Furthermore, as food allergies become seemingly more prevalent and more generally known, I expect that they’ll begin to receive more protection – just as service dogs did in the past (refusing to admit them is illegal). If I had more time (and wasn’t cramming to finish a take home exam today, but instead spending time on your blog!) I’d look into protections for food allergies that may exist now under the ADA and other disability rights laws. It’s a very interesting legal question.

19 Elizabeth { 11.13.11 at 11:05 am }

My off-the-cuff reaction was “how rude!” (Them, not you). But I’ve never worked in the restaurant business, so I don’t know. I think there are two sort of nested frameworks you could use to think about the issue – one, what is the implied social contract between a restaurant (not just as a place of business, but as a social space) and the people who eat there? and two, what are the general social norms of the society you live in governing that social contract? Which is, I guess, what you’re trying to figure out by putting this scenario and question out there, and playing devil’s advocate. What are the social boundaries and norms? The thing is, there is no absolute black-and-white line here; the line is wherever we as a society choose to draw it – and in that sense it is always fluid, always negotiable, always contingent.

I think my off-the-cuff reaction comes from growing up in a context (and currently living in another context) where restaurants are social spaces that are influenced by more generous norms of hospitality than are usual in the United States (broadly speaking).

I think part of the reason it’s a gray area is contained in the very term “hospitality business” – restaurants and hotels commodify hospitality, so create a kind of tension or conflict between the gift-oriented exchanges we engage in with friends or relatives that we feed and house as gestures of generosity, vs. the currency-based exchanges we engage in with businesses, where fairness is valued more highly than generosity.

Huh. I just went and got all anthropological on you there. Hope it helps 😉

20 Sushigirl { 11.13.11 at 11:25 am }

My family have loads of allergies between them, with one member prone to anaphylaxsis if he eats something he shouldn’t.

If we’re going somewhere that may not have anything he can eat, we usually call a few days in advance, book a table and give the restaurant a bit of warning. We’ve never found somewhere that wasn’t happy to accommodate us or use special ingredients if there was nothing suitable on the menu.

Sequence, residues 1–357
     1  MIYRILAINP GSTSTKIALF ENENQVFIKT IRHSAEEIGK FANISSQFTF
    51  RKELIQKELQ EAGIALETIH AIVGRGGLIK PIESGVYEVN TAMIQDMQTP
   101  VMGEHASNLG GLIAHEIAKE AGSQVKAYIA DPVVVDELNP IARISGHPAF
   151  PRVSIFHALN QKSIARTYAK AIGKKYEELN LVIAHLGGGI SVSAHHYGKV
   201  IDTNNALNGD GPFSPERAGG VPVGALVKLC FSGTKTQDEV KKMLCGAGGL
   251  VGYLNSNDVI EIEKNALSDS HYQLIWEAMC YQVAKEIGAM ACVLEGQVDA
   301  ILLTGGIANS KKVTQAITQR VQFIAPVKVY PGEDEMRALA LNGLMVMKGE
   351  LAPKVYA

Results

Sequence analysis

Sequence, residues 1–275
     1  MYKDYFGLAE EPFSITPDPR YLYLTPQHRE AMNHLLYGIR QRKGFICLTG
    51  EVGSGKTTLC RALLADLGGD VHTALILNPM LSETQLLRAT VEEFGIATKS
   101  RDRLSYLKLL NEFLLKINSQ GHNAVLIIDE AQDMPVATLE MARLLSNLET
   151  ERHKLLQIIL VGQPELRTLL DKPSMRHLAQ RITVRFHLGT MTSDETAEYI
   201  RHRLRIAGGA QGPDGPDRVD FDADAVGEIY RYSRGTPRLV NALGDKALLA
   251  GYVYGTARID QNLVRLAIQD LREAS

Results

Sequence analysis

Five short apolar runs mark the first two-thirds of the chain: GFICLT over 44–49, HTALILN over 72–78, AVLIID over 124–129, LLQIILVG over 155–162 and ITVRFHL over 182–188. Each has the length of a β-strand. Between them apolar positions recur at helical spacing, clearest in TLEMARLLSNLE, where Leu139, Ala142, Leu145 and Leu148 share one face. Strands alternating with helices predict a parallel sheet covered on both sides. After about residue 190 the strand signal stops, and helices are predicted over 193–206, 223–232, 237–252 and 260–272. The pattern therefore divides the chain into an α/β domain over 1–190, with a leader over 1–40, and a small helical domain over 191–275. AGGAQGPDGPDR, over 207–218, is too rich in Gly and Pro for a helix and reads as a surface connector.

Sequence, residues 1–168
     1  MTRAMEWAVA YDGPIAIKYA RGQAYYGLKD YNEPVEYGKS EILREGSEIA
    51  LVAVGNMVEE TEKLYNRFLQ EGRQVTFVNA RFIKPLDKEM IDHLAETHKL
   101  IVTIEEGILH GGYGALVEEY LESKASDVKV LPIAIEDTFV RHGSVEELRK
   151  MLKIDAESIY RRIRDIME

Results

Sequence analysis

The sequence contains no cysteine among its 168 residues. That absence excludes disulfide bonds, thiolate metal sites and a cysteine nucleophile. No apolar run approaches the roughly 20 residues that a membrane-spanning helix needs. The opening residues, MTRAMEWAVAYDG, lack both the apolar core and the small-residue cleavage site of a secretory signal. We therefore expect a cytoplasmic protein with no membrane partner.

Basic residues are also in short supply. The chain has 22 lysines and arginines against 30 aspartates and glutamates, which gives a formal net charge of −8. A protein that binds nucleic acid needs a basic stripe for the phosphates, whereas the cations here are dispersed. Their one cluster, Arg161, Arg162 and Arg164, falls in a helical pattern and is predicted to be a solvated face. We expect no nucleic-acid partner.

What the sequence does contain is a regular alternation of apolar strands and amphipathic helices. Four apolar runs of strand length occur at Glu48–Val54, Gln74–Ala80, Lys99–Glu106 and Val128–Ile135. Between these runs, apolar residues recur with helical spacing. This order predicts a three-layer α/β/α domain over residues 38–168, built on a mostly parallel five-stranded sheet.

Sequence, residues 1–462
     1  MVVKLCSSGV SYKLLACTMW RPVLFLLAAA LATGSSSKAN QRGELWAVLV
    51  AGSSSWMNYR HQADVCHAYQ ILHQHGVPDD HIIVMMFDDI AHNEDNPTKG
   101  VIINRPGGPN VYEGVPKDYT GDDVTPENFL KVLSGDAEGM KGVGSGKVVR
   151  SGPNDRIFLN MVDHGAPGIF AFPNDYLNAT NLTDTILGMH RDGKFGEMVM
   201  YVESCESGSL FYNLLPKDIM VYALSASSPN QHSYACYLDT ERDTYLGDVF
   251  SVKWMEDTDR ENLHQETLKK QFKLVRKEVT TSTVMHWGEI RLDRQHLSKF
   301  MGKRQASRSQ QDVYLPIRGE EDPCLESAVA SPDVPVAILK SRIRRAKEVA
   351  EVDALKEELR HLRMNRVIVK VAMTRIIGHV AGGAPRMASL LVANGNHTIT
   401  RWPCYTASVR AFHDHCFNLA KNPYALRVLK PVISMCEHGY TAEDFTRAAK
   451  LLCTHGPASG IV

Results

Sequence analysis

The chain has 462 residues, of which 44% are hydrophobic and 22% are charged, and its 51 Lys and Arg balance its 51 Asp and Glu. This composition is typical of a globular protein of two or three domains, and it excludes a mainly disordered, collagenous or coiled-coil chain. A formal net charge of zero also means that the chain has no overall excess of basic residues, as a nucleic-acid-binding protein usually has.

I think the restaurant should either have let your son eat something or offered to make up something specially.

21 Emily { 11.13.11 at 11:32 am }

I am the type of person that if the service sucks then I just don’t go there. Places will always get customers that don’t care, but there will be ones that do and if they don’t want to change then they will miss out on the money. I have a big family and if one person has a bad experience then it spreads and all of us don’t go there. My Hubby has a gluten allergy and very rarely do we find a place that isn’t accommodating. I just do my research before we go to a new place. After we found out he had the allergy I still got myself bagels and sandwiches at our local bagel place. I had a crazy idea to ask them if I could bring in a gluten free bagel and have them make a taylor ham and cheese on it (cuz when you make it at home its not the same) I didn’t think they would cuz bagels are their thing, but it couldn’t hurt to ask. I was amazed by their answer! They told me no problem and they would wear fresh gloves and keep everything on foil so it didn’t touch the counters. They even gave me the bagel the sandwich would have been on cuz I paid for the whole sandwich!

Maybe some day the restaurant will get it and change their policy, but for now i would just stay away from the negativity.

22 Astral { 11.13.11 at 11:58 am }

After being in the restaurant business for 11 + years (two different states and they were corporate & privately owned) you are correct! The customer is always right. They showed poor judgement in not allowing the Wolvog to eat his sandwich. I and all the restaurants I have worked for have always been very accommodating with guests. Because without customers you don’t have a business. Plus, word of mouth is still the most powerful form of advertisement. It’s 2.5 more effective than traditional advertising. If the customer has a bad experience they will tell 10-20 people about it.

23 amy { 11.13.11 at 12:15 pm }

I would so leave a bad review everywhere I could!

24 Empty Whole { 11.13.11 at 12:16 pm }

I’m just curious as to why he couldn’t eat anything on the menu. Was it explained and did they attempt to find something on their menu to accommodate him? This takes me back to planing the menu for my wedding, I have a very rare food allergy and I had a family of guests that are Vegan and a family that is Kosher. When I expressed my concerns to the various caterers not all were willing to accommodate 3 different types of meals. The one I ultimately chose adjusted their recipes to omit Corn Syrup for me, agreed to provide the Vegan Meals (which my friend was really surprised about, she said they normally just bring snacks for the kid that needs to be vegan and the rest just deal with it) and they would bring in Kosher meals for my Aunt and her kids, although it was to be a cold meal as they knew they could not heat it on their kitchen tools. Neither of my special needs guests ended up coming after a date change and the fact that they all lived out of the country at the time of the second wedding.

But, bottom-line, I think you’re in the right for leaving. If they couldn’t put together something vegetarian for you the first time, seriously, not even a plate of pasta with veggies, I think that just shows that they’re not willing to make adjustments.

(and my family has been in the restaurant business for over 60 years)

25 Empty Whole { 11.13.11 at 12:17 pm }